You look out your window, maybe for the first time since you started your magnus opus, maybe for the millionth (because that’s how it works with you). Your masterpiece is complete. Maybe it is a novel, a short story, a canvas depicting the adoration of the magi using emojis*; perhaps you have successfully created the first jam-filled round cake from spuds**.
Whatever your creative juices have poured over (ew!), one thing is certain: it needs a name.
As a round in one my favourite radio comedy programmes, I’m Sorry I Haven’t a Clue, repeatedly demonstrates, a good title is everything. Who would have read, let alone wrote a song about, a book called “Wuthering Hillocks”?
Would “Catch-22” be such a, well, catchy title if it had been called “Catch-18” as originally planned?
And what fool would call their first novel a title that was a made-up word? Well, OK, me, but that isn’t the point.
Certainly, you want to ensure that the name you give your novel/album/painting/sculpture/offspring is memorable, carries the general atmosphere of the thing you have created and will, if a literary or musical offering, at least fit on the cover.
So, spare a thought for fans (and indeed the graphic design artist) of Fiona Apple who decided to entitle her second album thus:
“When the Pawn Hits the Conflicts He Thinks Like a King What He Knows Throws the Blows When He Goes to the Fight and He’ll Win the Whole Thing ‘fore He Enters the Ring There’s No Body to Batter When Your Mind Is Your Might so When You Go Solo, You Hold Your Own Hand and Remember That Depth Is the Greatest of Heights and If You Know Where You Stand, Then You Know Where to Land and If You Fall It Won’t Matter, Cuz You’ll Know That You’re Right”
Strangely, fans refer to her second album as “When the Pawn…” or “her second album”.
But that isn’t the longest album title in the world, oh no. That honour (?) is held by Chumbawamba who called one of their outpourings:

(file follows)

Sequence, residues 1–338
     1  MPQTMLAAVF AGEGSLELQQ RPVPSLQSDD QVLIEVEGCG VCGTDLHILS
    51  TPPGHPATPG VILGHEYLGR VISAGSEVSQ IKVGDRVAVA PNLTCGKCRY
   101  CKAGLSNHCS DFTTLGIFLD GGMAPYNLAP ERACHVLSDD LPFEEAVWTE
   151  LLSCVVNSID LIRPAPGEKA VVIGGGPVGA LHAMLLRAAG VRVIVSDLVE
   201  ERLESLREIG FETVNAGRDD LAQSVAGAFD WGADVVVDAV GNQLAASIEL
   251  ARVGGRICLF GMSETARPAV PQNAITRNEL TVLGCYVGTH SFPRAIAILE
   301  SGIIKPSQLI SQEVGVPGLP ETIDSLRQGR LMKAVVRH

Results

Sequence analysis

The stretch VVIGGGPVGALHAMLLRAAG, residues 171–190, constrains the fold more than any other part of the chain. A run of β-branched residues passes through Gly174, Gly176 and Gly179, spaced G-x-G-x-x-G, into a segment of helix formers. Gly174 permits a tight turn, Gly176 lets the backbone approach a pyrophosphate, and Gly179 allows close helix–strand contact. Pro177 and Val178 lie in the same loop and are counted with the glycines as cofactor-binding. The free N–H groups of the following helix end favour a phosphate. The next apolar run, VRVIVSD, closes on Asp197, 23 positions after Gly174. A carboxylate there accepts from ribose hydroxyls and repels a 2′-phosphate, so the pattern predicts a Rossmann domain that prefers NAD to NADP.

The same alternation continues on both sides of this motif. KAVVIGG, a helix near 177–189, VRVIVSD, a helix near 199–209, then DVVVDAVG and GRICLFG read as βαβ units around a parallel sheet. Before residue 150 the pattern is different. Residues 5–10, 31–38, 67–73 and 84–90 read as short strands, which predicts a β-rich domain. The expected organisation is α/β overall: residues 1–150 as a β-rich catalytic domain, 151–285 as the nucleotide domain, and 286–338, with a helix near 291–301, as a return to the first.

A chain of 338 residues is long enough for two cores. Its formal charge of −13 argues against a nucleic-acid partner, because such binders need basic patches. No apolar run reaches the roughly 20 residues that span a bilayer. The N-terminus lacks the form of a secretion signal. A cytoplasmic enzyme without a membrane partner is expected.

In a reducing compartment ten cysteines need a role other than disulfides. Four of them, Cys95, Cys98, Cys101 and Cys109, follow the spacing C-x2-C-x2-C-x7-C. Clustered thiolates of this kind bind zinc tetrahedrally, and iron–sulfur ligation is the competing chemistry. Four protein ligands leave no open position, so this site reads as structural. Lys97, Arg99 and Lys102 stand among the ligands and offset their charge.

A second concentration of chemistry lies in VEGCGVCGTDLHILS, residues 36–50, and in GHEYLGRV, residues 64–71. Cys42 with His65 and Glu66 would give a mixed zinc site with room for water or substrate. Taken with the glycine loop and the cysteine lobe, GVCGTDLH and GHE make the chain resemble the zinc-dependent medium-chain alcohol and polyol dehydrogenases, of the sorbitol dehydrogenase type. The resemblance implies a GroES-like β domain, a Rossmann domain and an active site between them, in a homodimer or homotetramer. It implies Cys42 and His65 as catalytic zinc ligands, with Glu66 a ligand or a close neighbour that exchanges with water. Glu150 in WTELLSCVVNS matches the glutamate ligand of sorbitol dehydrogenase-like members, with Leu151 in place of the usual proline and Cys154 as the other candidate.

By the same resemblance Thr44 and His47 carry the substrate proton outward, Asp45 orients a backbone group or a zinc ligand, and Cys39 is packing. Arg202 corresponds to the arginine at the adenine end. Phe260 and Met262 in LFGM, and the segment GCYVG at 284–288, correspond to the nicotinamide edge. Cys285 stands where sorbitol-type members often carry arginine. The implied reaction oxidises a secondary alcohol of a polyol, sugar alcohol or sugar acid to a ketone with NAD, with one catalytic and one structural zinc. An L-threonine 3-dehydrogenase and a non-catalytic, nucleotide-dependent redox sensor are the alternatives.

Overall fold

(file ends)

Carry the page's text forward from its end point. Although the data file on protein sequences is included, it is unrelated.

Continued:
“The Boy Bands Have Won, and All the Copyists and the Tribute Bands and the TV Talent Show Producers Have Won, If We Allow Our Culture to Be Shaped by Mimicry, Whether from Lack of Ideas or from Exaggerated Respect. You Should Never Try to Freeze Culture. What You Can Do Is Recycle That Culture. Take Your Older Brother’s Hand-Me-Down Jacket and Re-Style It, Re-Fashion It to the Point Where It Becomes Your Own. But Don’t Just Regurgitate Creative History, or Hold Art and Music and Literature as Fixed, Untouchable and Kept Under Glass. The People Who Try to ‘Guard’ Any Particular Form of Music Are, Like the Copyists and Manufactured Bands, Doing It the Worst Disservice, Because the Only Thing That You Can Do to Music That Will Damage It Is Not Change It, Not Make It Your Own. Because Then It Dies, Then It’s Over, Then It’s Done, and the Boy Bands Have Won”
Frequently referred to as “The Boy Bands Have Won”, the thing about this epic song-lyric-in-its-own-right-title is that it strikes me as being pretty much on the money.
My third novel is entitled “A Xylophone at the Gates of Dawn” which is a pastiche of Pink Floyd’s first album name, itself taken from the title of chapter 7 of “Wind in the Willows” by Kenneth Grahame.
So, there’ll be no problem fitting on the front cover. I hope.
* The Adoration of the E-Maji, obviously.
** Why would you do that, why, why?